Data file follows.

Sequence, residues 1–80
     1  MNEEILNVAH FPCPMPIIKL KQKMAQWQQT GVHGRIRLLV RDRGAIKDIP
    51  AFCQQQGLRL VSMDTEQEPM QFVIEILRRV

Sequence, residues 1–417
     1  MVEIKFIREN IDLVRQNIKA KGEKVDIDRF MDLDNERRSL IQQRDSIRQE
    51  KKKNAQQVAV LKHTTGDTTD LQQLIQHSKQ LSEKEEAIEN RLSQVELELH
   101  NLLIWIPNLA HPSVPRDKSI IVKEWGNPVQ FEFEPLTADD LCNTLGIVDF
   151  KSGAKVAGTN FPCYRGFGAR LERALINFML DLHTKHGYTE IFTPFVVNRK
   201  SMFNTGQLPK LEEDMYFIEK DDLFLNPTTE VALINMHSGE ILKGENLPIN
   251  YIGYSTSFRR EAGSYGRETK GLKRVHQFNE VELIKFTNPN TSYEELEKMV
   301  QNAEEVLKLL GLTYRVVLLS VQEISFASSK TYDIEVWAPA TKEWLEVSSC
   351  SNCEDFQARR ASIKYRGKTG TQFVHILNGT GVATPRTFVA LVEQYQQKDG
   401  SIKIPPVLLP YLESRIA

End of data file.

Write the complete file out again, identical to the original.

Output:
Sequence, residues 1–80
     1  MNEEILNVAH FPCPMPIIKL KQKMAQWQQT GVHGRIRLLV RDRGAIKDIP
    51  AFCQQQGLRL VSMDTEQEPM QFVIEILRRV

Sequence, residues 1–417
     1  MVEIKFIREN IDLVRQNIKA KGEKVDIDRF MDLDNERRSL IQQRDSIRQE
    51  KKKNAQQVAV LKHTTGDTTD LQQLIQHSKQ LSEKEEAIEN RLSQVELELH
   101  NLLIWIPNLA HPSVPRDKSI IVKEWGNPVQ FEFEPLTADD LCNTLGIVDF
   151  KSGAKVAGTN FPCYRGFGAR LERALINFML DLHTKHGYTE IFTPFVVNRK
   201  SMFNTGQLPK LEEDMYFIEK DDLFLNPTTE VALINMHSGE ILKGENLPIN
   251  YIGYSTSFRR EAGSYGRETK GLKRVHQFNE VELIKFTNPN TSYEELEKMV
   301  QNAEEVLKLL GLTYRVVLLS VQEISFASSK TYDIEVWAPA TKEWLEVSSC
   351  SNCEDFQARR ASIKYRGKTG TQFVHILNGT GVATPRTFVA LVEQYQQKDG
   401  SIKIPPVLLP YLESRIA